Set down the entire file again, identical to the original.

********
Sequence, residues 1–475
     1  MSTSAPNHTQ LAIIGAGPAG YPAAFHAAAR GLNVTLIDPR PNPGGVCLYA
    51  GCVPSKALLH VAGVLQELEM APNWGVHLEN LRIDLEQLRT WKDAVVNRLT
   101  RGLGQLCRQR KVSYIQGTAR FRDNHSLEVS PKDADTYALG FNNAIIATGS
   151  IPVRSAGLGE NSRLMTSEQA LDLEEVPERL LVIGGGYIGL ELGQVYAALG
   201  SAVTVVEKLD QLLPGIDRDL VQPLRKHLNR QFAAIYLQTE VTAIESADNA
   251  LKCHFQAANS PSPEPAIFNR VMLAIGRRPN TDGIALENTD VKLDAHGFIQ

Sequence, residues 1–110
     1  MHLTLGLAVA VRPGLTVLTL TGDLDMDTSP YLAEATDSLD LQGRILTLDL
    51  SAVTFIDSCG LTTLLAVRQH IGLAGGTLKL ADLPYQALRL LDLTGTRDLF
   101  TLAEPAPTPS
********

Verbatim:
Sequence, residues 1–475
     1  MSTSAPNHTQ LAIIGAGPAG YPAAFHAAAR GLNVTLIDPR PNPGGVCLYA
    51  GCVPSKALLH VAGVLQELEM APNWGVHLEN LRIDLEQLRT WKDAVVNRLT
   101  RGLGQLCRQR KVSYIQGTAR FRDNHSLEVS PKDADTYALG FNNAIIATGS
   151  IPVRSAGLGE NSRLMTSEQA LDLEEVPERL LVIGGGYIGL ELGQVYAALG
   201  SAVTVVEKLD QLLPGIDRDL VQPLRKHLNR QFAAIYLQTE VTAIESADNA
   251  LKCHFQAANS PSPEPAIFNR VMLAIGRRPN TDGIALENTD VKLDAHGFIQ

Sequence, residues 1–110
     1  MHLTLGLAVA VRPGLTVLTL TGDLDMDTSP YLAEATDSLD LQGRILTLDL
    51  SAVTFIDSCG LTTLLAVRQH IGLAGGTLKL ADLPYQALRL LDLTGTRDLF
   101  TLAEPAPTPS